04 April 2006

LVF victim's dad dies on aid trip

Belfast Telegraph

Father said he would see son again in heaven

By Claire Regan
04 April 2006

Michael McGoldrick, the forgiving father of a murdered Catholic man and tireless charity worker, has died suddenly while distributing aid in Moldova, it emerged today.

Tributes were paid this morning after the popular 64-year-old passed away in hospital last night after recently taking ill.

It is understood the Craigavon man fell sick while in the eastern European country, which he visited with his United Christian Aid charity every couple of months to distribute aid, and underwent surgery yesterday. He died a short time later.

Mr McGoldrick and his wife Bridie founded United Christian Aid in Craigavon in the wake of the death of their only child, 31-year-old Michael, in July 1996.

The taxi driver was murdered during the Drumcree protest by renegade members of the UVF who formed the LVF. Afterwards Mr McGoldrick said that he forgave his son's killers.

Father Martin McAlinden, the McGoldrick family's parish priest in St Anthony's Church, Moyraverty, confirmed the peace campaigner had died.

"Michael was a very humble man and well-known for his work in this parish," he said.

"He went to Moldova every six or seven weeks. Basically, people here pledged money to him every month and he went over and made sure it got to the people who needed it most.

"Sometimes he brought over money and sometimes it was things like toothpaste and clothes - anything that would help the people. He did a lot of good for children and orphanages in particular."

Fr McAlinden said the charity work became Mr McGoldrick's vocation after his son was murdered.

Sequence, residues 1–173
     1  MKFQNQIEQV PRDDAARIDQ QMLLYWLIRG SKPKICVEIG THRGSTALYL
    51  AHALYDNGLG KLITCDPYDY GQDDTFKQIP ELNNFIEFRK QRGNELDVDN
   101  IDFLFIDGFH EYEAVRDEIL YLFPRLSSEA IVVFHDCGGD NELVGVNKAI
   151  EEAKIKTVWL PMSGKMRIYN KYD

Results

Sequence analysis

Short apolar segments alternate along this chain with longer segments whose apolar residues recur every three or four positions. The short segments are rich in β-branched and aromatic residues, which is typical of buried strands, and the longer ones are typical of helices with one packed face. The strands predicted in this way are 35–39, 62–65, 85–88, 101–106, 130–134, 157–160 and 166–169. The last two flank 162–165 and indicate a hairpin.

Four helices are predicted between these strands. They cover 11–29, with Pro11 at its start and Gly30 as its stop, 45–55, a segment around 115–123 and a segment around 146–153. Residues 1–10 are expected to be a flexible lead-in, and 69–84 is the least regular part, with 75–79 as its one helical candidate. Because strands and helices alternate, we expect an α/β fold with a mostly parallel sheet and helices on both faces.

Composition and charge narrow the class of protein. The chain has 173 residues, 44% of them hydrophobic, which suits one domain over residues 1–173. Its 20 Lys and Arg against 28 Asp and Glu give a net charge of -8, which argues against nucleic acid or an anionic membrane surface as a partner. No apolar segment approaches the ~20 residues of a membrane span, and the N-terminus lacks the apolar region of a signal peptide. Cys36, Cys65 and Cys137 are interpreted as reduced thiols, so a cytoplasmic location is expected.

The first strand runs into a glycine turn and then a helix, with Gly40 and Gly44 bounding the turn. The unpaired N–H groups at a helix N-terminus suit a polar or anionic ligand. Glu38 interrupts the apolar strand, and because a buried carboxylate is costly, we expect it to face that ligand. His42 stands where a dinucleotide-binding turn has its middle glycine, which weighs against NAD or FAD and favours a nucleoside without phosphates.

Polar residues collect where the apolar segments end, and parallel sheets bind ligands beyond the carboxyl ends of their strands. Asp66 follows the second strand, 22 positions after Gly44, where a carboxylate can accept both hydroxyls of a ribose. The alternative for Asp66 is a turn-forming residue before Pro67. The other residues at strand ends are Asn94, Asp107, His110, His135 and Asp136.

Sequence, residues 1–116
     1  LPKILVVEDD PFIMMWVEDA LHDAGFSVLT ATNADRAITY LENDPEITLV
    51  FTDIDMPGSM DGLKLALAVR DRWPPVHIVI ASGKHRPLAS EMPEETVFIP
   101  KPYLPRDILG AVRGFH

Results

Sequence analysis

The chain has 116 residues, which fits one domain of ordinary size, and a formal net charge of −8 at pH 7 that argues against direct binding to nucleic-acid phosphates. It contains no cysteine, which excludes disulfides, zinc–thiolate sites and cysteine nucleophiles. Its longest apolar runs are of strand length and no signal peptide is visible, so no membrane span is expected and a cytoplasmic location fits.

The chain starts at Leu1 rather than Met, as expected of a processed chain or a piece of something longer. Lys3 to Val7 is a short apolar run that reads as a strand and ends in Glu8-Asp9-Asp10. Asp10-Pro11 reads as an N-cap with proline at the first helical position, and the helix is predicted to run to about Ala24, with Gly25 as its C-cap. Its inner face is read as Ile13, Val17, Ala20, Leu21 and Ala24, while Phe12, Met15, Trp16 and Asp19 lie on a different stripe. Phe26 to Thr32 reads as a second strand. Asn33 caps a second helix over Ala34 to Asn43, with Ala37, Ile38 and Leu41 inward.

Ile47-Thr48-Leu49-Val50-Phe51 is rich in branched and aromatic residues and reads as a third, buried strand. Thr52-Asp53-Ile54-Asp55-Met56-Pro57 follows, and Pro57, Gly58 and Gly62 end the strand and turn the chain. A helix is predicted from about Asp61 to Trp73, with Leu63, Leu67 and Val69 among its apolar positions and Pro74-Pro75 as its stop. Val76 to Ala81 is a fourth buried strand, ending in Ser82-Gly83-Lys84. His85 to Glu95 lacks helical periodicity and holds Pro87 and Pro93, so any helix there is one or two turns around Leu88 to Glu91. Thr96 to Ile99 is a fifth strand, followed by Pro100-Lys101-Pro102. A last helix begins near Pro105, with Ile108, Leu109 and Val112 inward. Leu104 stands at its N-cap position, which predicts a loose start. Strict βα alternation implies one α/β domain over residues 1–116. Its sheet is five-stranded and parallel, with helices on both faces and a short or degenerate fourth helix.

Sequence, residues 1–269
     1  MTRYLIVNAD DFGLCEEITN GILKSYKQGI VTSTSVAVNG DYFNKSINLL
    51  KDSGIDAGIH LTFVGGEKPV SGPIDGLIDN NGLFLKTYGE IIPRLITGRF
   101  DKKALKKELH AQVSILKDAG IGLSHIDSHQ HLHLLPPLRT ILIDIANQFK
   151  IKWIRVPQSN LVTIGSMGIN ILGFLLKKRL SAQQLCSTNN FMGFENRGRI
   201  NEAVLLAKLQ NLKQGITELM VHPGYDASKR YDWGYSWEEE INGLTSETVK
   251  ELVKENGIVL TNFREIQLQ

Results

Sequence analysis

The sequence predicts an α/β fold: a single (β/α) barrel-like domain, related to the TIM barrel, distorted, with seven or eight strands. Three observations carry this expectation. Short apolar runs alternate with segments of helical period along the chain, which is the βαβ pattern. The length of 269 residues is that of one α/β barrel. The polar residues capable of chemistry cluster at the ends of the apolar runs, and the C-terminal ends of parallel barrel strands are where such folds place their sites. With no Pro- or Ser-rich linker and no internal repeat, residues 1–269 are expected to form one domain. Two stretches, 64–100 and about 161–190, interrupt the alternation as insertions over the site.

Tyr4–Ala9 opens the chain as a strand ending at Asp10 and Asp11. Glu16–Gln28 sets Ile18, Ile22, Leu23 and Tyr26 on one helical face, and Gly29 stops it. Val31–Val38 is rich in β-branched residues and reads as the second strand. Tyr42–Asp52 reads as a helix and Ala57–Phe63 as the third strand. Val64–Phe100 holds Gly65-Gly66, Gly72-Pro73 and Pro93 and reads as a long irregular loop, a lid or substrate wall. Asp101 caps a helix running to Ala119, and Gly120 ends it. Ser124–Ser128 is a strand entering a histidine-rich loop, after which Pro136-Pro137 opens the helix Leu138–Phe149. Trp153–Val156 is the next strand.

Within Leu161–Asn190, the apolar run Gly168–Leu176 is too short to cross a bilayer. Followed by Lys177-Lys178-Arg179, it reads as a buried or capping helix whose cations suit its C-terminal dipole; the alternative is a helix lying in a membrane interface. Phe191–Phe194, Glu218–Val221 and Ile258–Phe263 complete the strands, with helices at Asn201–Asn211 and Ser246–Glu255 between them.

"He loved to go - it was his life. He often said that while he lost his son, he had gained thousands of children through his work and he loved that."

Craigavon independent councillor, Kieran Corr, who has known the McGoldrick family for a long time, said he was stunned by the news.

"My heart goes out to Bridie and the entire family. I just can't take it in," he said.

"Michael is held in very high esteem. He and Bridie are an inspiration to so many people. He really was the true meaning of being a Christian.

"He will be badly missed by both the people of Craigavon and Moldova who he worked so hard for.

"He put his life on the line by going into many of the areas he did. But it was a vocation to him."

It is understood Mr McGoldrick was in Moldova, Europe's poorest country, with Tom Lennon, who runs United Christian Aid in the Republic, when he fell ill.

United Christian Aid is the charity Michael credited with bringing him back from the brink after his son's terrible death, and of giving his life meaning.

Speaking of the work he carried out in Moldova once, Mr McGoldrick admitted that had it not been for his son's death, he might not have been involved.

"I was a Christian before, but not a fully-fledged one. After Michael's death, I had a conversion. Before they put the lid on my son's coffin, I put my two hands on top of his and said, 'Goodbye, I'll see you in heaven'.

"From that moment my whole life changed. I realised then how much evil there was in Northern Ireland, and I wanted to turn my life into something good, something positive."

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